Skirting the issue: women and international health in historical perspective.
Over the last decades women have become central to international health efforts, but most international health agencies continue to focus narrowly on the maternal and reproductive aspects of women's health. This article explores the origins of this paradigm as demonstrated in the emergence of women's health in the Rockefeller Foundation's public health programs in Mexico in the 1920s and 1930s. These efforts bore a significant reproductive imprint; women dispensed and received services oriented to maternal and childbearing roles. Women's health and social advocacy movements in Mexico and the United States partially shaped this interest. Even more important, the emphasis on women in the Rockefeller programs proved an expedient approach to the Foundation's underlying goals: promoting bacteriologically based public health to the government, medical personnel, business interests, and peasants; helping legitimize the Mexican state; and transforming Mexico into a good political and commercial neighbor. The article concludes by showing the limits to the maternal and reproductive health model currently advocated by most donor agencies, which continue to skirt--or sidestep--major concerns that are integral to the health of women. (+info)
Adherence by midwives to the Dutch national guidelines on threatened miscarriage in general practice: a prospective study.
OBJECTIVE: To determine the feasibility for midwives to adhere to Dutch national guidelines on threatened miscarriage in general practice. DESIGN: Prospective recording of appointments by midwives who agreed to adhere to the guidelines on threatened miscarriage. Interviews with the midwives after they had recorded appointments for one year. SETTING: Midwifery practices in The Netherlands. SUBJECTS: 56 midwives who agreed to adhere to the guidelines; 43 midwives actually made records from 156 clients during a period of 12 months. MAIN OUTCOME MEASURES: Adherence to each recommendation and reasons for non-adherence. RESULTS: The recommendation that a physical examination should take place on the first and also on the follow up appointment was not always adhered to. Reasons for non-adherence were the midwives' criticism of this recommendation, their lack of knowledge or skills, and the specific client situation. Adherence to a follow up appointment after 10 days, a counselling consultation after six weeks, and not performing an ultrasound scan was low. Reasons for non-adherence were mainly based on the midwives' criticism of these recommendations and reluctance on the part of the client. Furthermore, many midwives did not give information and instructions to the client. It is noteworthy that in 13% of the cases the midwife's policy was overridden by the obstetrician taking control of the situation after the midwife had requested an ultrasound scan. CONCLUSIONS: Those recommendations in the guidelines on threatened miscarriage that are most often not adhered to should be reviewed. To reduce conflicts about ultrasound scans and referrals, agreement on the policy on threatened miscarriage should be mutually established between midwives and obstetricians. (+info)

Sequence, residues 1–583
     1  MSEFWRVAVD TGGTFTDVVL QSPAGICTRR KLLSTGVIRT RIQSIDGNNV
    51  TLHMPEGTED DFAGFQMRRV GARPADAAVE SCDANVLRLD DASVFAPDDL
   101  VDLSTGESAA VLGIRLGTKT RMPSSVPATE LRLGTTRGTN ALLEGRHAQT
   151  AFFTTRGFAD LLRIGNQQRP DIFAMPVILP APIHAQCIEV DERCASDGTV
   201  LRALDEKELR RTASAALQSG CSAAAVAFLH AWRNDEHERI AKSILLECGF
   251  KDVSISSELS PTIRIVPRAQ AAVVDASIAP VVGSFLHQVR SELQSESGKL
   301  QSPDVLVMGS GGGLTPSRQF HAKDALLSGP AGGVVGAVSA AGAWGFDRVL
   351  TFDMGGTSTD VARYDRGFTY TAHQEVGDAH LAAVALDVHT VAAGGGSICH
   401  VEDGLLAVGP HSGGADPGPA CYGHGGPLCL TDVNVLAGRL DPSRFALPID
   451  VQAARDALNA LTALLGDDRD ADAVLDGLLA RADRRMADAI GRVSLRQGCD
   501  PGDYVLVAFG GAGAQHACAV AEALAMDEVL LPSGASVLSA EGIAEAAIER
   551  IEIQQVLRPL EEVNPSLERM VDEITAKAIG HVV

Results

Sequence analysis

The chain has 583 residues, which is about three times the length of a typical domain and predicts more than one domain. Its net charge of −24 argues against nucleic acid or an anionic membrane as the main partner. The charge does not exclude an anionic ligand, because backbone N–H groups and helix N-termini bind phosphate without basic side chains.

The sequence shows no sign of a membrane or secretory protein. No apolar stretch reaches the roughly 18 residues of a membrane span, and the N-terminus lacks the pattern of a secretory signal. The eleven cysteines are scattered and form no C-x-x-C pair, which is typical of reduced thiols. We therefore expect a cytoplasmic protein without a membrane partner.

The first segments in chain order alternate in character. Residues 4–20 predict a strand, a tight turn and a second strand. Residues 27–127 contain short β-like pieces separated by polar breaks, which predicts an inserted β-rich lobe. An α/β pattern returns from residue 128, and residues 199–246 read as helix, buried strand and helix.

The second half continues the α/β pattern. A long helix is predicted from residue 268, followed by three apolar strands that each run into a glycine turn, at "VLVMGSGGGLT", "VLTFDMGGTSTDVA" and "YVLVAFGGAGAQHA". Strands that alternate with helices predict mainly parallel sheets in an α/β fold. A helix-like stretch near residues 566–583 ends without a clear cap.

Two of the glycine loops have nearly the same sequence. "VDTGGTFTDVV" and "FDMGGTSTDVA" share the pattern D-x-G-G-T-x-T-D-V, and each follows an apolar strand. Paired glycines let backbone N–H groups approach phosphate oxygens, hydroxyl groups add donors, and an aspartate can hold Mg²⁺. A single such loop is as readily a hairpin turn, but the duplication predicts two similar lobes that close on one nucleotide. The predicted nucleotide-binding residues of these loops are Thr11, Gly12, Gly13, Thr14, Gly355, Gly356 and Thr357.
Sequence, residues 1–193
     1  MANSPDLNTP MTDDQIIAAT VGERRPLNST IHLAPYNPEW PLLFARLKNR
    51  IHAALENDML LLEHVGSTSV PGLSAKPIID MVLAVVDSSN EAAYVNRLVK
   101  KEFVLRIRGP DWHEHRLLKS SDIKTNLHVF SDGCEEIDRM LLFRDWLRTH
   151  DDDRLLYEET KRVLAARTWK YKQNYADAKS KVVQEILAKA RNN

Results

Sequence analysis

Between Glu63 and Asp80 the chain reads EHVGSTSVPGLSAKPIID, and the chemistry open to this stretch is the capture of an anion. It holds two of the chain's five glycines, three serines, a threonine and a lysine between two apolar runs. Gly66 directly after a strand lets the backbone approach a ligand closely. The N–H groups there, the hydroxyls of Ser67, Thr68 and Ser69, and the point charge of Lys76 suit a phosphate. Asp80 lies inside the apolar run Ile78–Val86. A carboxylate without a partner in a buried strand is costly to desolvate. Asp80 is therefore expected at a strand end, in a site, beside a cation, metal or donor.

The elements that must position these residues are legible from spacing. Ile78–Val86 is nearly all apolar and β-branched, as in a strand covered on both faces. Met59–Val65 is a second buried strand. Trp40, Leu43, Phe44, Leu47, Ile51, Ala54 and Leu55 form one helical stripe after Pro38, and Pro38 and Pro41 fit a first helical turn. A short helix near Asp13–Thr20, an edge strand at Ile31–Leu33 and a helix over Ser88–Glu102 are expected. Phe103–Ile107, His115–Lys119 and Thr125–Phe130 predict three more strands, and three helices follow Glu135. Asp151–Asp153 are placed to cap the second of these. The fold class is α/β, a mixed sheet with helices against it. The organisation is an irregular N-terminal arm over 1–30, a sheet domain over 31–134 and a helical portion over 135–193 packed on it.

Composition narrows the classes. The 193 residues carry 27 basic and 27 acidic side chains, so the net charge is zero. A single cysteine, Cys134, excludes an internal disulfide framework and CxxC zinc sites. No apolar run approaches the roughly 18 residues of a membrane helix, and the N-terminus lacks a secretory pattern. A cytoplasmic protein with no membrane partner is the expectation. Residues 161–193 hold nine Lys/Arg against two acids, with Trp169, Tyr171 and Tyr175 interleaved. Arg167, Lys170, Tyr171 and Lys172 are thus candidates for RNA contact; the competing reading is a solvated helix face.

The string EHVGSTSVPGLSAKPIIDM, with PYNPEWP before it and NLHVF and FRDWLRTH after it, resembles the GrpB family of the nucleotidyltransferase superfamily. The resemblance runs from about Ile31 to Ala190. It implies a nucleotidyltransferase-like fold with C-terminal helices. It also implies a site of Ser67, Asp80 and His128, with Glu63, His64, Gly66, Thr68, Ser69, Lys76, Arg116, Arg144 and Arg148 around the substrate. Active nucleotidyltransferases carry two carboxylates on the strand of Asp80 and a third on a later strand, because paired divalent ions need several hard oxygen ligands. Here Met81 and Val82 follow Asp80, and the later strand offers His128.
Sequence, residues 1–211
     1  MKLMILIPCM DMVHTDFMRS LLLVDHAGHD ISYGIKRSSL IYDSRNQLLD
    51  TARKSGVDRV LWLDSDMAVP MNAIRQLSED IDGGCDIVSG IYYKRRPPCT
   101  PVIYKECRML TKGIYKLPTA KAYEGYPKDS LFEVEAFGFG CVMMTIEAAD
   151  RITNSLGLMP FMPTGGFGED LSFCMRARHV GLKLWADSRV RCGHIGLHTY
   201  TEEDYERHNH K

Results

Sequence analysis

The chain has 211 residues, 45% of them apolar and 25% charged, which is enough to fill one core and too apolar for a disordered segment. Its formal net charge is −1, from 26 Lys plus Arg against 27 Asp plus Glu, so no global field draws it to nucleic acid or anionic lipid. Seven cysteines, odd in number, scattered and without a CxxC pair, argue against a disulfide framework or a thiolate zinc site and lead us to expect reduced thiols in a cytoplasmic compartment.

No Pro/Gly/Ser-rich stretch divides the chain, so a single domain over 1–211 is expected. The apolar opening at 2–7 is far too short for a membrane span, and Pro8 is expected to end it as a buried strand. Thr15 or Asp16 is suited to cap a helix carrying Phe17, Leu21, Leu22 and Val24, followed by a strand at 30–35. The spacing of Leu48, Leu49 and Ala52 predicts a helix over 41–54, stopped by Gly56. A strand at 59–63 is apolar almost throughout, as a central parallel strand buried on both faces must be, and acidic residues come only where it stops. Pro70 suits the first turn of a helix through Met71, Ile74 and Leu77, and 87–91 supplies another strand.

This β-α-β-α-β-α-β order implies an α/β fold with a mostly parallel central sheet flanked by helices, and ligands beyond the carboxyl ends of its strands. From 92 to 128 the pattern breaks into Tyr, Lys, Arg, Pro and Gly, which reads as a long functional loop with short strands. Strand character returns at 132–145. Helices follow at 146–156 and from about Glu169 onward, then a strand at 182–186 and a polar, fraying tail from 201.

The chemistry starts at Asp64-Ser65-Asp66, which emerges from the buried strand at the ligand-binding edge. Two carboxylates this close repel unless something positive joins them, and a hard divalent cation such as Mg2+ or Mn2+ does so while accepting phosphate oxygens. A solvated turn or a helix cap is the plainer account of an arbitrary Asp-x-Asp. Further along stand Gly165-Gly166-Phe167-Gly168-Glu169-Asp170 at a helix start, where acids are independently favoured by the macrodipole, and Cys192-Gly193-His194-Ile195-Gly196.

Characteristics of nurse-midwife patients and visits, 1991.